A magnitude 6.8 earthquake struck the Pacific Ocean off the coast of Alaska early Friday morning, the USGS reported, leading to a brief tsunami warning for parts of the Aleutian Islands.
The warning was canceled after only a small wave was recorded in the community of Atka, Alaska.
"In Atka, they had a little bump of a wave, but nothing of any kind of a destructive power. Just a wave," said Jeremy Zidek, a spokesman for the Alaska Department of Homeland Security.
Residents were evacuating to higher ground in Atka but then stopped at the cancellation, Zidek said.
The areas are very remote and not heavily populated, according to Jessica Sigala, geophysicist with the USGS in Golden, Colorado.
The USGS says the earthquake struck in the waters at about 6:55 a.m. EDT (1055 GMT), over 1,000 miles from Anchorage, and there were no initial reports of injuries or damage.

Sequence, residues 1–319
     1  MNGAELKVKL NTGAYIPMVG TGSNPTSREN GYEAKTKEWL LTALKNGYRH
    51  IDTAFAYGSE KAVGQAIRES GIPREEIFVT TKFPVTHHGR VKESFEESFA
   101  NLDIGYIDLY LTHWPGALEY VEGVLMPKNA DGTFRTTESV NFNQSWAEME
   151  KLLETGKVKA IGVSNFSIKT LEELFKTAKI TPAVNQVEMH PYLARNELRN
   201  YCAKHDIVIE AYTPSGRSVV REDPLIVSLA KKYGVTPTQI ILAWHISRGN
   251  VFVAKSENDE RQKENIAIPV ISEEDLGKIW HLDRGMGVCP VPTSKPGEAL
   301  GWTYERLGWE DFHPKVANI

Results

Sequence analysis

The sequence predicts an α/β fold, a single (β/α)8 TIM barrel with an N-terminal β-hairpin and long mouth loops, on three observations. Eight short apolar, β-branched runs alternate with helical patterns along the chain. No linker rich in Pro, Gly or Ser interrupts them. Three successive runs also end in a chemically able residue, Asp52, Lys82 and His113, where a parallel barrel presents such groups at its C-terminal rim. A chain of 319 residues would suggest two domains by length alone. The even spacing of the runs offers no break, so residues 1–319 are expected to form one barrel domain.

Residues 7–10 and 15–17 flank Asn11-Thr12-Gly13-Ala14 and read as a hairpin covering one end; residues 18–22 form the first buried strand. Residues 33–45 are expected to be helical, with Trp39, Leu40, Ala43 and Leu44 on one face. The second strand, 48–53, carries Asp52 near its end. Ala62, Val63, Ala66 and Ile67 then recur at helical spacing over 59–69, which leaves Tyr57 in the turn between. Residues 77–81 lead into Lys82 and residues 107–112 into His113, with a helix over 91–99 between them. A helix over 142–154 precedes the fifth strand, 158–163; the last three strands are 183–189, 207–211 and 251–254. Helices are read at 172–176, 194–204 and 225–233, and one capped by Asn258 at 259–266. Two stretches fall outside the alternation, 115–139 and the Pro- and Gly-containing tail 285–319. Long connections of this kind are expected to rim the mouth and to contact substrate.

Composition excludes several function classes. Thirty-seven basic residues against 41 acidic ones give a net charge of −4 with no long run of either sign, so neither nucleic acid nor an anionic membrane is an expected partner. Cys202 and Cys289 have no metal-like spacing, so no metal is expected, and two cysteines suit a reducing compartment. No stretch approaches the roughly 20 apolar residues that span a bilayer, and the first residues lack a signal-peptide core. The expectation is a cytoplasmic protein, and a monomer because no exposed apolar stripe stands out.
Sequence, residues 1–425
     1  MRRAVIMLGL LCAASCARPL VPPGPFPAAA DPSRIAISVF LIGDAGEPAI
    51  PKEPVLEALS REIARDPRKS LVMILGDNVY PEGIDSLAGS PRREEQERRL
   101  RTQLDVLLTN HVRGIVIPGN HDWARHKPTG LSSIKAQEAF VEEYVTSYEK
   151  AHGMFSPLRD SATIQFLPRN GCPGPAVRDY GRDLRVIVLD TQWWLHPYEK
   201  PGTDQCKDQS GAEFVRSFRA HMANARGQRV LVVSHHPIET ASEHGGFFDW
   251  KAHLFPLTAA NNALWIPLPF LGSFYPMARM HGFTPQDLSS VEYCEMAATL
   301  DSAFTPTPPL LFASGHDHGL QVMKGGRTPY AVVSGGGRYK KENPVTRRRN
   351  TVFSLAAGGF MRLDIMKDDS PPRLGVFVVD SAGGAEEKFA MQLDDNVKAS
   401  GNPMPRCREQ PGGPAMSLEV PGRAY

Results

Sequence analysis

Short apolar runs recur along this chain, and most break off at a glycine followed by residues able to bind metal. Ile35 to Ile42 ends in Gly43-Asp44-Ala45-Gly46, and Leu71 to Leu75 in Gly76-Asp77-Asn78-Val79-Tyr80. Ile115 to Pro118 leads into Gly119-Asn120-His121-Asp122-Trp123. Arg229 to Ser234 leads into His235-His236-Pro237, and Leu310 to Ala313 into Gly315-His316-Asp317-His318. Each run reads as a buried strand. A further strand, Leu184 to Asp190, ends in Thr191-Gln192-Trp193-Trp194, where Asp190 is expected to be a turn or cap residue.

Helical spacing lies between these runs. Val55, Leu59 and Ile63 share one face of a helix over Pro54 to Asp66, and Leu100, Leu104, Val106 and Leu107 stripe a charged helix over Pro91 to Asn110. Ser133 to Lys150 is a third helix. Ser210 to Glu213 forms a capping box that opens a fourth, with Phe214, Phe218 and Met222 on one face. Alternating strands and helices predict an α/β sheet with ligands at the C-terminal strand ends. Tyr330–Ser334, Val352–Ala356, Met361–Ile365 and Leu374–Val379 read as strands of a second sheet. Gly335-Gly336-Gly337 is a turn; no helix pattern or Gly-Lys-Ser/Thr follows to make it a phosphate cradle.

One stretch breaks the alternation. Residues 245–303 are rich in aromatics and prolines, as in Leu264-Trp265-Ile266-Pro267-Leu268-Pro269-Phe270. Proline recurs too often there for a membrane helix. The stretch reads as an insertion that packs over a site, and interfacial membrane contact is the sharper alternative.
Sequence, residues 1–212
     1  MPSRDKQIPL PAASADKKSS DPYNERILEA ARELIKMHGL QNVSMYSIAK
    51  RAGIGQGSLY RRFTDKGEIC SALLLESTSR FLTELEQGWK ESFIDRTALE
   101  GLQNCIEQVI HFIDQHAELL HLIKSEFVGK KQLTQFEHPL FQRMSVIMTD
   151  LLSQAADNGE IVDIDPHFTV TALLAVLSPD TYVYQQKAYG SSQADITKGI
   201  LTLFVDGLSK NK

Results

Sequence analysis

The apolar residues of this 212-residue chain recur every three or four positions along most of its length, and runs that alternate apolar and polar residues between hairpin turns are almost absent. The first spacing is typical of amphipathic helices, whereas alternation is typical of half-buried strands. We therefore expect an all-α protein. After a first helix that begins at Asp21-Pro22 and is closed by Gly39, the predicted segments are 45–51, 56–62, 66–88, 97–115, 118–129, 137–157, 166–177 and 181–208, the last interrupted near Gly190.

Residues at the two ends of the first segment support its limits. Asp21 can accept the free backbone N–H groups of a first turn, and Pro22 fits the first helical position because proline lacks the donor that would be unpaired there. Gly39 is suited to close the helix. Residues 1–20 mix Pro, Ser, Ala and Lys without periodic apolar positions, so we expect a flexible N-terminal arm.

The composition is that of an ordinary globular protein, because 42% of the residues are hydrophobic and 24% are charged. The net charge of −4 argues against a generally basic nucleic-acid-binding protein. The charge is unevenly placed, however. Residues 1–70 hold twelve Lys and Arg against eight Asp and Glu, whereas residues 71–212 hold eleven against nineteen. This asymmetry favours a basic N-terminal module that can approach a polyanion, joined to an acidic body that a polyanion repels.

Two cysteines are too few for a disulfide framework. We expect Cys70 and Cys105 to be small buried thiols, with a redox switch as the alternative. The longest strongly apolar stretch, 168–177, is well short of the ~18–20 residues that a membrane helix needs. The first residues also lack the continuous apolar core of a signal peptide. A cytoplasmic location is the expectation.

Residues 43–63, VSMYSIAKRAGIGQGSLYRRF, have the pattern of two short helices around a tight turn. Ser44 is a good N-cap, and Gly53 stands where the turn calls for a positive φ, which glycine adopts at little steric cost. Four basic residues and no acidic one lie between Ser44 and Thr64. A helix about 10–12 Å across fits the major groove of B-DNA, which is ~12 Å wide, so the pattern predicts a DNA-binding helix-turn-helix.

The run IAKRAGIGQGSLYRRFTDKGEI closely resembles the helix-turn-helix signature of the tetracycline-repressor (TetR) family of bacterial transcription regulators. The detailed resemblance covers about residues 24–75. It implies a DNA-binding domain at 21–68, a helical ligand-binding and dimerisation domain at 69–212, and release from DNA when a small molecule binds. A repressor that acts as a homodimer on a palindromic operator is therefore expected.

A woman who answered the phone at the city hall in Unalaska, a city in the Aleutians, but declined to give her name said people at Dutch Harbor were awakened by sirens.
"We have some people on high ground, but not a lot," she told the Associated Press. "Sirens woke us all up -- everybody's moving."
The state emergency response center was being staffed early Friday morning.
In June, an earthquake with a magnitude of 7.2 in the same area of the Aleutians also prompted a tsunami warning.
News wires contributed to this report.